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Trump To Again Propose Slashing Foreign Aid In Budget

Samuel Corum, Getty Images
Getty Images
Hot off the presses: The president's budget proposal for fiscal 2021 at the Government Publishing Office. The election year proposals are unlikely to gain traction in the Democratic-controlled House of Representatives.

President Trump will propose $4.4 trillion in spending cuts over the next decade in his budget for fiscal year 2021 — a document that is expected to be quickly dismissed by the Democratic-controlled House of Representatives.

The proposal will include slashing foreign aid by 21%, an administration official confirmed to NPR, on condition of anonymity. The top-line numbers were first reported by the Wall Street Journal.

Trump has proposed massive cuts to aid in each of his budget proposals. Congress, which holds the power of the purse, has ignored those past requests.

The proposal immediately drew fire from retired Admiral Mike Mullen, who was chairman of the Joint Chiefs of Staff from 2007 to 2011. "The more we cut the international affairs budget, the higher the risk for longer and deadlier military operations," Mullen said in a letter to congressional leaders.

The budget, set for release at 12:30 p.m. ET on Monday, is expected to highlight Trump's priorities on border security, tax cuts, space exploration and other policies he may pursue if he wins a second term in the November presidential election.

Trump's political rivals are expected to scour the budget for details they can brandish on the campaign trail — particularly any signs that Trump wants to cut mandatory spending on safety net programs like Medicare and Social Security.

Trump was asked in a CNBC interview last month whether cuts to "entitlements" would ever be considered. "At some point they will be. We have tremendous growth," Trump said. "And at the right time, we will take a look at that."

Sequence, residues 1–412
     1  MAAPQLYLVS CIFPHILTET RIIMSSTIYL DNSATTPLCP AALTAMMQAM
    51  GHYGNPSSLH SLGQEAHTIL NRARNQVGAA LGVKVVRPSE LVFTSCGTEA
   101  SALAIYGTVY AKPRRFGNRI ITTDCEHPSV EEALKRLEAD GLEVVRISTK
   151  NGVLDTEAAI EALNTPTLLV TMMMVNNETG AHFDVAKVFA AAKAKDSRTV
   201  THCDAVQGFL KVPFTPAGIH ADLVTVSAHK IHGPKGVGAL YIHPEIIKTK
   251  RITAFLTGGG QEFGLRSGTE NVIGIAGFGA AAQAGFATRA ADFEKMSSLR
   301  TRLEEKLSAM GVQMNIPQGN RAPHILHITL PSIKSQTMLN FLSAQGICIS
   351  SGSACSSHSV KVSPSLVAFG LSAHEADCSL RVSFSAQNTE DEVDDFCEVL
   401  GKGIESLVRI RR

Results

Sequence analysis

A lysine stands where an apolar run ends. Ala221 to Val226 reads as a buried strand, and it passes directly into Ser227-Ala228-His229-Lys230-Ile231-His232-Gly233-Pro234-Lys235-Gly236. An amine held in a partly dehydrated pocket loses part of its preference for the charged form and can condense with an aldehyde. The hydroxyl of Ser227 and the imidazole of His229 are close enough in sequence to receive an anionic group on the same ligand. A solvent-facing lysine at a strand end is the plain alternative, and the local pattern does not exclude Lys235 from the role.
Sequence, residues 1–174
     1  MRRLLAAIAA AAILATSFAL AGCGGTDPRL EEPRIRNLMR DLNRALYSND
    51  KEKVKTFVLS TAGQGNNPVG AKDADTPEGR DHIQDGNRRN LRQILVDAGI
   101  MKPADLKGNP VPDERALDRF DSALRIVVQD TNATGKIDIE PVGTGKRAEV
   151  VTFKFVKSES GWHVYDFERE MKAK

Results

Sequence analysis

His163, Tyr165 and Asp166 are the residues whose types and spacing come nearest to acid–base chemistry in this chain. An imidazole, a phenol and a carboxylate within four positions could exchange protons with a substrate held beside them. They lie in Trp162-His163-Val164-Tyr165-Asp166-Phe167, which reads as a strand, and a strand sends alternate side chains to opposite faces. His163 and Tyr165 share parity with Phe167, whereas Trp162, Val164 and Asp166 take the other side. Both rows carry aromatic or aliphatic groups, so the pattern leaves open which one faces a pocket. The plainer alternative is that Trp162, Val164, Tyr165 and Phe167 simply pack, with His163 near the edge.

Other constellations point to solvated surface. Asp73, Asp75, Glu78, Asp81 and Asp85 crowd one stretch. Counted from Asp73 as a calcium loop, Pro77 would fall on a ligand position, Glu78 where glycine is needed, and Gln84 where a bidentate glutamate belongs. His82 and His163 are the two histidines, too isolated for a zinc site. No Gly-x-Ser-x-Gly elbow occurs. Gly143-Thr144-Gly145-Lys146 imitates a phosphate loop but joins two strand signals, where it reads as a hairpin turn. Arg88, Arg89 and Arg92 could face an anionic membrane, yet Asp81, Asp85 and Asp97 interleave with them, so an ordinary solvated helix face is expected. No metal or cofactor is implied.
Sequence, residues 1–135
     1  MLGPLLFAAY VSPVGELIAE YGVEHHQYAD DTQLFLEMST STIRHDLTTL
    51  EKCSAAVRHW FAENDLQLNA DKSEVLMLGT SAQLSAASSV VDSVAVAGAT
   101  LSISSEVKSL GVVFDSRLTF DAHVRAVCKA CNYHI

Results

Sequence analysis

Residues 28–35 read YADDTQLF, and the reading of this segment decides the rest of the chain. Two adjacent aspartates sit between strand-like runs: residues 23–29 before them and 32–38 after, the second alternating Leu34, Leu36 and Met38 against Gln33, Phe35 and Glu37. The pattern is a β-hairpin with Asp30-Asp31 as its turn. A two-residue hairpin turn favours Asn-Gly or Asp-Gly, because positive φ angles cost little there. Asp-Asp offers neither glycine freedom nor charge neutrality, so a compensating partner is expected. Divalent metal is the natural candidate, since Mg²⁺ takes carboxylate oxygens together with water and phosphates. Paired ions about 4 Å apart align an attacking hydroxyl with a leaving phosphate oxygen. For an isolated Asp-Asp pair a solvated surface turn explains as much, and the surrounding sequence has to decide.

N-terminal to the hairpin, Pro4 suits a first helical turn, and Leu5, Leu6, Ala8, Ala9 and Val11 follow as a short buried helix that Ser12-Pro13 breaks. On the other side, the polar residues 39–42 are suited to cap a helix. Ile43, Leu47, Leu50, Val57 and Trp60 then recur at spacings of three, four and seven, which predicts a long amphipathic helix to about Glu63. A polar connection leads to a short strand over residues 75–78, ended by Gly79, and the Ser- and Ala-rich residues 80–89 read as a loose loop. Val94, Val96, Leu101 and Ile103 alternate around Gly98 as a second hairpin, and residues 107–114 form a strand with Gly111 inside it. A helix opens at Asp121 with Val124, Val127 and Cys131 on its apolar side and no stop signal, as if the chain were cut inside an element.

On Saturday, Trump said on Twitter that this was not the right time.

The White House and Congress negotiated a two-year spending deal last year that sets overall spending numbers for 2020 and 2021. But in details that began to leak out ahead of the budget's release, there were signs that the document would ignore that spending agreement and include cuts to social programs. Rep. John Yarmuth (D-Ky.), the chairman of the House Budget Committee, said he expected the document to be "destructive and irrational."

Budget hawks have long urged curbs on spending — particularly on the big-ticket entitlement programs — to address the debt and deficit. Trump promised to eliminate the U.S. debt in eight years when he was first elected.

But his budget comes as the nonpartisan Congressional Budget Office estimated government spending outpaced revenues by about $900 billion in 2019, and said the deficit will balloon to more than $1 trillion each year beginning in 2022.

Trump's new budget proposal projects that the deficit can be trimmed by $4.6 trillion over a decade and sees a balanced budget possible in 15 years, said the administration official.
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